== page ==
How to Fail at Free Writing


Okay, the title really doesn’t explain this post at all, but whatever. To be honest, this post is kind of an experiment, so forgive me if it makes no sense at all. Basically, I’m testing out this “stream of consciousness” thing we’ve all read about in high school English classes. So I’m gonna try to write whatever the hell I’m thinking right now without clicking the delete button once. Almost impossible. I’m actually very tempted to erase this entire thing right now, but alas, I’ll try to continue.

When I started blogging, I told myself that this is an opportunity to write about things that matter to me in a conversational/free-flowing way that I couldn’t in college papers and resumes and other shit. But I just don’t think that’s possible anymore. As in like, I’ve forgotten how to write without premeditation, without contemplating how the person reading my writing would think about it. In short, I’ve come to regard writing as a act to entertain my audience rather than release my inner turmoil or whatever. Well, sometimes it works both ways, but it’s been years since I’ve been able to write something solely for myself. And that’s back when I kept a diary, when I was about seven years old. When high school rolled around, my attitude toward writing changed drastically, which isn’t entirely a bad thing. My writing became more sophisticated and disciplined, more coherent and reflective. But it’s just never been as reckless and natural as it once was, no matter how hard I tried to escape the mold of academic essays. Even as I’m blogging now, and I keep telling myself that no one’s gonna give me negative feedback/constructive criticism on whatever the fuck I’m writing, it’s still hard to believe that I have no audience, that I’m writing solely for myself. And sometimes it’s hard to be 100% honest with yourself when you’re so focused on what the audience would say; like, you might think that you’re writing what you believe in, but in reality you’re probably influenced by what your reader believes.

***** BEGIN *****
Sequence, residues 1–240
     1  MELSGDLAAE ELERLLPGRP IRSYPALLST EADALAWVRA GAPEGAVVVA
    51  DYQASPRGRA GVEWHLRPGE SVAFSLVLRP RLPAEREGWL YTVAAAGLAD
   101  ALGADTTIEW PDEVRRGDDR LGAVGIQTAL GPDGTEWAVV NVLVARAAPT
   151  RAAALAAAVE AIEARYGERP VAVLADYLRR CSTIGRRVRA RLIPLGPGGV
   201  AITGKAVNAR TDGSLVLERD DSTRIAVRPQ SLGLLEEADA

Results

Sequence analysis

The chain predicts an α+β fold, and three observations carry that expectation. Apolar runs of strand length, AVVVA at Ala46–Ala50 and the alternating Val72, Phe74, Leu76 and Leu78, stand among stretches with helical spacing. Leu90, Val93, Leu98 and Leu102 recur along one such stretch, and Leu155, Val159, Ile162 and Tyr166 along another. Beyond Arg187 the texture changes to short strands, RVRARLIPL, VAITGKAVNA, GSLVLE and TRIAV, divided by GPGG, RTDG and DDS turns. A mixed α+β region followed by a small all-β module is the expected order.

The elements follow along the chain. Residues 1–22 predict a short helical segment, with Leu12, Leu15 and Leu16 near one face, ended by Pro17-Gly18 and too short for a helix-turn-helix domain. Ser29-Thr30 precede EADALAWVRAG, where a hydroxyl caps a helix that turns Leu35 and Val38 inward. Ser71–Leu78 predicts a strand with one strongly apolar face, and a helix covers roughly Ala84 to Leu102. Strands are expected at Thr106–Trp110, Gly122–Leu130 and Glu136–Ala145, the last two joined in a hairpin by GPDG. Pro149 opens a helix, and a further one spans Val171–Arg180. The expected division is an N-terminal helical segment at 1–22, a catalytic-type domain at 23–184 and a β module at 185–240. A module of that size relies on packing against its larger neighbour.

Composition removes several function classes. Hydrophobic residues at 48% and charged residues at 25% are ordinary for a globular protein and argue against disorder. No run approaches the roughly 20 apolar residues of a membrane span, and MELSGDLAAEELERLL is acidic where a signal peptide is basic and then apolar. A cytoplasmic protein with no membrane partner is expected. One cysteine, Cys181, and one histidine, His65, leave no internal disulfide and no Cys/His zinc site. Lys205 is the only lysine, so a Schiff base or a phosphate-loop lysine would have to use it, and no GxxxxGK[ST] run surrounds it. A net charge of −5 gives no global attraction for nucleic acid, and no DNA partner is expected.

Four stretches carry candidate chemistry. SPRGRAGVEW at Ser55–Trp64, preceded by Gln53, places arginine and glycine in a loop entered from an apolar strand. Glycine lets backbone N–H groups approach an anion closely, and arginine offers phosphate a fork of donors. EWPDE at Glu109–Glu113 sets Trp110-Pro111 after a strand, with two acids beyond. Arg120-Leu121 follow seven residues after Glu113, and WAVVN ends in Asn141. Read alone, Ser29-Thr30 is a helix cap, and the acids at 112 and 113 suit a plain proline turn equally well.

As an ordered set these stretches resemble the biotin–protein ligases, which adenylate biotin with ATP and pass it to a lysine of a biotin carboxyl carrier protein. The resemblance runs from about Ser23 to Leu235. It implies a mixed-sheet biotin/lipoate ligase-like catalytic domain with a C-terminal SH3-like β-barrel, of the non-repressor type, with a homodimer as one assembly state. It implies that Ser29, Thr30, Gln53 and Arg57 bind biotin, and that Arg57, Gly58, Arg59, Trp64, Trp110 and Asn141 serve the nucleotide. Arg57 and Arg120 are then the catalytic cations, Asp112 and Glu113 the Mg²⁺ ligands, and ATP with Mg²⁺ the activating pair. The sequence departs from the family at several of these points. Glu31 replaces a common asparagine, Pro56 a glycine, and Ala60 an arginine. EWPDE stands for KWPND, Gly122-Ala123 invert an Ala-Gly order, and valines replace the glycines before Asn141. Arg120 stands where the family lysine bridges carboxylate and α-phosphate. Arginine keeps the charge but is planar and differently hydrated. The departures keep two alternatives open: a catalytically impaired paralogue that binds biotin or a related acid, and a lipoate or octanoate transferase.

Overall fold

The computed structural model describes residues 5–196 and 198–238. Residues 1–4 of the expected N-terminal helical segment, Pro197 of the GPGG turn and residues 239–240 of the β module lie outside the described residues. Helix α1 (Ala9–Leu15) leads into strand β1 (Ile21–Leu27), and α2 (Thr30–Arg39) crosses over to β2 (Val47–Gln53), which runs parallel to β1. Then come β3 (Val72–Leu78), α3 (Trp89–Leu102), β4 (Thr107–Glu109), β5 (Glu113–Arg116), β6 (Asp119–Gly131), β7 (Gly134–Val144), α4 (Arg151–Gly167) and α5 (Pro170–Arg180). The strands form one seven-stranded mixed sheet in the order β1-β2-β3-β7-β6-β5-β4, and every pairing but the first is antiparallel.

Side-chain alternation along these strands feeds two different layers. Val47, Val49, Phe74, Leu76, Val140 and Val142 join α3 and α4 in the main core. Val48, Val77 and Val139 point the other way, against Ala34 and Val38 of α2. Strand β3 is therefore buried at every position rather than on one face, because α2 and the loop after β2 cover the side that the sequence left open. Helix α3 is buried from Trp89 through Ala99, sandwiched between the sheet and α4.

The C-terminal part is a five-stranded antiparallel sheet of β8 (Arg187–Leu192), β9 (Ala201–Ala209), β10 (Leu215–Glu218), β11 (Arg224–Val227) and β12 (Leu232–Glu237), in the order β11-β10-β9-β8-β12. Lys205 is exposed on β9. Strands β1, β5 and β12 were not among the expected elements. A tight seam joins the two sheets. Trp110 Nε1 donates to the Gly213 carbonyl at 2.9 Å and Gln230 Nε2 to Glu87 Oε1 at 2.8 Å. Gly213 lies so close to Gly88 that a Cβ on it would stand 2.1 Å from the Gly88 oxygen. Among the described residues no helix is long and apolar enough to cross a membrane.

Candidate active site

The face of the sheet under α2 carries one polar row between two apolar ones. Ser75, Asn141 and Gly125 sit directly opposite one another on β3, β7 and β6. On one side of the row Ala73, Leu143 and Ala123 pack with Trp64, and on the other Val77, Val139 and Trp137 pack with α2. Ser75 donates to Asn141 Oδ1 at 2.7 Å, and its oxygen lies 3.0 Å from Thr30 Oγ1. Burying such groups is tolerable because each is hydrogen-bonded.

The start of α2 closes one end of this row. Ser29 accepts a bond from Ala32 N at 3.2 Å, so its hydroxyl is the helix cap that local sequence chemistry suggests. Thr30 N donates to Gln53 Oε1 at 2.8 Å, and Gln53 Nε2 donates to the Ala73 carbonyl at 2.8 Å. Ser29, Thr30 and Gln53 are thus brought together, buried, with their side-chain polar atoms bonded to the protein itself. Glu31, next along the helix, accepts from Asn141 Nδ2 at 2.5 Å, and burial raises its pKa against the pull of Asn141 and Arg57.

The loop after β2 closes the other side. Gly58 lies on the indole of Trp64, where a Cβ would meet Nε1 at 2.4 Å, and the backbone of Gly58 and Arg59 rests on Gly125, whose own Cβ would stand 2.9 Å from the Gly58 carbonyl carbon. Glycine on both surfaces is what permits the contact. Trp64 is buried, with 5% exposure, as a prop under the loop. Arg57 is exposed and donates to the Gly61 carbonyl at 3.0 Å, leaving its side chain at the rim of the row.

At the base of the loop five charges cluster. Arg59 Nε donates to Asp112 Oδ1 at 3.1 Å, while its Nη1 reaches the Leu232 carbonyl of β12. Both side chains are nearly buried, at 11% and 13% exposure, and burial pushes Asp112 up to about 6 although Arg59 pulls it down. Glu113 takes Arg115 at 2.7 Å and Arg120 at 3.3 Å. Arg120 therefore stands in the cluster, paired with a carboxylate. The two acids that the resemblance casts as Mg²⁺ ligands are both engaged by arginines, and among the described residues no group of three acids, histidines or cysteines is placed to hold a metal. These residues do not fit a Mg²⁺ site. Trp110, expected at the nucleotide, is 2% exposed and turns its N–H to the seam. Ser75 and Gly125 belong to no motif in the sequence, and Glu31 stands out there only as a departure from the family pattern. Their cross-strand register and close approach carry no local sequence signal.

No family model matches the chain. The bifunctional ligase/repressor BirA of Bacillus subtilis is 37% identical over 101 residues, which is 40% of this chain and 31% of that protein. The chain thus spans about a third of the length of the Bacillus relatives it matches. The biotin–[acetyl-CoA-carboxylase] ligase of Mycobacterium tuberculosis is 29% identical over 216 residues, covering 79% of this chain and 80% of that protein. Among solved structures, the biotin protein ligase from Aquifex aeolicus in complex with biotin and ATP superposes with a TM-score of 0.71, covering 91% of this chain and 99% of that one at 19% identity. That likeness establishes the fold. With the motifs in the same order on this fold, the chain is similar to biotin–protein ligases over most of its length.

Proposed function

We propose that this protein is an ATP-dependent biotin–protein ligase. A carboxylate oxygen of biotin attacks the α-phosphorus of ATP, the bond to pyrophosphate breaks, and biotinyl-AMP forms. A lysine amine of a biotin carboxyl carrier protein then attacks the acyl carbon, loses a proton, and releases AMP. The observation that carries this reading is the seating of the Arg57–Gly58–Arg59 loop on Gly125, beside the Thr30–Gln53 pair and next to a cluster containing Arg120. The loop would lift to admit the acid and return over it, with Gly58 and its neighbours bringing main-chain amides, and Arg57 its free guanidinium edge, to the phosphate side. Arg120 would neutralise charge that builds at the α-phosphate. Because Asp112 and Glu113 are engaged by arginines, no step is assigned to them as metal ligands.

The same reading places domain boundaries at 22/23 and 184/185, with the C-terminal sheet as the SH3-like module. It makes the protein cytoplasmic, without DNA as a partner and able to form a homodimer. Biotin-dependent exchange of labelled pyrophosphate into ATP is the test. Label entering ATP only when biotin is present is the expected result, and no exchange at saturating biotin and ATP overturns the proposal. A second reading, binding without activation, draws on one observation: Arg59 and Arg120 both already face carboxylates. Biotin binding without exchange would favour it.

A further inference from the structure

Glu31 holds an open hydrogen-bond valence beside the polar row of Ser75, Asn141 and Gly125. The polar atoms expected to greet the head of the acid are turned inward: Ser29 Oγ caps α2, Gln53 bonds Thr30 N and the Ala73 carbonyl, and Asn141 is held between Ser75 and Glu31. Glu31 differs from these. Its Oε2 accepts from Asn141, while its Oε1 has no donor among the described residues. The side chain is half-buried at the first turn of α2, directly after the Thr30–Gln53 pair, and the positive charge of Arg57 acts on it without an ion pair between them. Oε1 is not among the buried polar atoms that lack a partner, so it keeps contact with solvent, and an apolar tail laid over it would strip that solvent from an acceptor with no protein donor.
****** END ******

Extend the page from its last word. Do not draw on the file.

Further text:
I don’t know if any of that made any sense, as I said before that I’m not going to organize my thoughts or revise anything. Basically what I’m trying to say is that years of writing academic essays have made me into this paranoid machine that can’t write anything without worrying about how it would be perceived by other people. And maybe that’s a good thing, as it prevents me from putting out poorly-worded bullshit like this crap right here. But I don’t know, sometimes it’s nice to just rant like there’s no one listening or judging you. And maybe blogging like this every once in a while will get me into the habit of writing freely again.


One thought on “How to Fail at Free Writing

  1. I find your post to be interesting because of your aspirations and how it seems they may be held back, at least temporarily, by your academic discipline as you were growing up.

    Personally, I believe that when it comes to free writing, you just have to let everything go and after writing the final word and coming to terms with yourself that you have accomplished what you set out to do that day, you just have to come to peace with yourself that these are your own personal thoughts, so why should anyone else care unless you ask for their critique.

    Finally, at the end of the day, everyone is different and it’s because of that unique trait that fascinates us as readers and want to read more from the writer!

    Liked by 1 person

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